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Tips on Cooking with Curry

by Anne Hirsh, studioD

Curry is commercially available in both powder and paste form. The spice consists of several spices combined, most notably turmeric, cumin, coriander, fenugreek and chilis. The exact composition varies among manufacturers, but Indian-type curry powders are often heavier on cardamom, while Thai-style curry seasoning is heavier on chilis and sometimes ginger. Introduce your family to many types of curry to find the flavors that everyone will enjoy.

Create a Base

Curry powder works best when blended with a liquid or semi-liquid prior to adding it to your cooking. If making an Indian curry, whisk your curry powder or paste into plain yogurt. Then add your own seasonings, such as paprika, cardamom or thyme. For Thai curries, use coconut milk instead of yogurt and add garlic, ginger and lemongrass for more flavor. Red curries generally contain more chilis, while a yellow curry relies more on ginger and turmeric.

Balance Spices

Curries need a sweetness to add body to the spice. You can add a little sugar to your recipe, but you'll get a more complex flavor by adding naturally sweet items such as a fruit sauce or juice. Mix this in near the beginning of the cooking process to ensure that the flavors blend thoroughly. Thai-style curries often also include fruit cooked into the dish, such as apples, pineapple, raisins or currants.

Slow, Low Heat

Don't cook your curry over high heat unless you're just using the curry powder as a spice rub for meats. If you're making a more traditional curry, simmer over low or medium-low heat. Brown your meats first, then add your curry sauce and potatoes, if desired. Wait until the meat is cooked through before adding vegetables, especially in Thai curries, so you don't overcook them.

Suggested Ingredients

Along with meat and your seasoning sauce, onions of all kinds work well in any kind of curry. Indian curries are delicious with tomatoes, potatoes, carrots, broccoli, cauliflower and peas, while Thai curries complement bell peppers, basil, green beans, peanuts or cashews, carrots and baby corn. Balance a bowl of spicy curry with a fresh green salad and a cool creamy dressing.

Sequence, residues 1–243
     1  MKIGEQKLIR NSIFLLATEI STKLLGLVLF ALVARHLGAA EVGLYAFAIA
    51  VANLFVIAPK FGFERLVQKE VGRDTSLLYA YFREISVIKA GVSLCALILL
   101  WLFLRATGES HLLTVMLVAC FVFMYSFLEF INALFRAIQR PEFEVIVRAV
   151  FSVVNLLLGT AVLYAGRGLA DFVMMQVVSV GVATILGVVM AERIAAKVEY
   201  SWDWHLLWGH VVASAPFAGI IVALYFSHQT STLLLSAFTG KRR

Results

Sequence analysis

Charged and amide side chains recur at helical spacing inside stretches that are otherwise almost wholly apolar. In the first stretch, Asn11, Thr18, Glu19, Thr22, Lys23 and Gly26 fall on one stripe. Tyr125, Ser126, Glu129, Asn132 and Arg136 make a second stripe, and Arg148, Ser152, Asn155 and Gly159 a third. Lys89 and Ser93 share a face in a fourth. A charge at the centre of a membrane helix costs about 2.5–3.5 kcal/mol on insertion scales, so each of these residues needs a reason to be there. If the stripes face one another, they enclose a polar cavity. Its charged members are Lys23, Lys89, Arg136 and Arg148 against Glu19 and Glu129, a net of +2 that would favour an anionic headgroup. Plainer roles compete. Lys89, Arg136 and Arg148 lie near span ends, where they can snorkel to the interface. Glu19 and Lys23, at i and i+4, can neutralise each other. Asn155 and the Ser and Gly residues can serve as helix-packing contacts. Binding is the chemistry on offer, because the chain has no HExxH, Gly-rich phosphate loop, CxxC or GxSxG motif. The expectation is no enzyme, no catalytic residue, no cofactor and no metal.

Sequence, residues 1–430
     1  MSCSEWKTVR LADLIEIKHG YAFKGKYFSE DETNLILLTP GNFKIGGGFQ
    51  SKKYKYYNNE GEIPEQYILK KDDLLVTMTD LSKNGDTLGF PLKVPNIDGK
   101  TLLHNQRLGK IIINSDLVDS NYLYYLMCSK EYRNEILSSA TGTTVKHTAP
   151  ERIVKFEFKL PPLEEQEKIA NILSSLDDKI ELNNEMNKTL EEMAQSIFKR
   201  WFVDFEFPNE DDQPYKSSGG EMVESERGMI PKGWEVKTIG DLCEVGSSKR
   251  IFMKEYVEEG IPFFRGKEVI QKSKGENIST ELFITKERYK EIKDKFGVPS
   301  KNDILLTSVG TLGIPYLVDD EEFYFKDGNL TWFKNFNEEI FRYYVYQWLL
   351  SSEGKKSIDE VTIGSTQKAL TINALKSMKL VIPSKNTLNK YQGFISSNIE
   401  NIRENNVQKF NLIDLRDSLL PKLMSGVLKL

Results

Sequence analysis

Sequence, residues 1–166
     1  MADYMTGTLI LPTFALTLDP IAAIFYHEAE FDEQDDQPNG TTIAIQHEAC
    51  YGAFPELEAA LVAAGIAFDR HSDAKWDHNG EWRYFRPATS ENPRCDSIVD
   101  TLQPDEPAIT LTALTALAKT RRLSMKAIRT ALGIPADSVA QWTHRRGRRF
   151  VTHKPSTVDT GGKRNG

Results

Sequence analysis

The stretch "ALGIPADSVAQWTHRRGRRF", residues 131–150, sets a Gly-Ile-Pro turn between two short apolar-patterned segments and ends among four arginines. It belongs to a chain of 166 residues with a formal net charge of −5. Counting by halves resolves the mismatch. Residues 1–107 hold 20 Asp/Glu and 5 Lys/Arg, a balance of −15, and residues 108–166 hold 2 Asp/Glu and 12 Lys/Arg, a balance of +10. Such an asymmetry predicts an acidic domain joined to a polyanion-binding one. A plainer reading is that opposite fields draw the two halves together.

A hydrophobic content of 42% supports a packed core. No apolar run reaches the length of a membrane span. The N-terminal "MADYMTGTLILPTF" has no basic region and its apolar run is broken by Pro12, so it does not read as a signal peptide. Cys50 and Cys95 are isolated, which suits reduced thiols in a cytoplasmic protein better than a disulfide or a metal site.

Cooked In or Separate Sauce

Cooking your meats and vegetables directly in the curry sauce is the best way to get the full flavor of your curry dishes. If you have family members who are wary of spices, however, it may be too much to ask them to eat a fully seasoned curry. In this case, cook your meat separately, rubbing curry powder directly onto some pieces of meat for the more adventurous eaters and leaving the rest plain. Then dish as much or as little sauce over the cooked meat as you like, and either cook the veggies in the sauce or separately. When you cook a separate sauce, you have the freedom to overseason it at first, then blend it down with more yogurt or coconut milk until the seasoning is the way you like it.

References

  • "The Joy of Cooking"; I. Rombauer and M. Rombauer Becker; 1973

About the Author

Anne Hirsh has been writing and editing for over 10 years. She has hands-on experience in cooking, visual arts and theater as well as writing experience covering wellness and animal-related topics. She also has extensive research experience in marketing, small business, Web development and SEO. Hirsh has a bachelor's degree in technical theater and English and post-baccalaureate training in writing and computer software.

Photo Credits

  • Jupiterimages/Comstock/Getty Images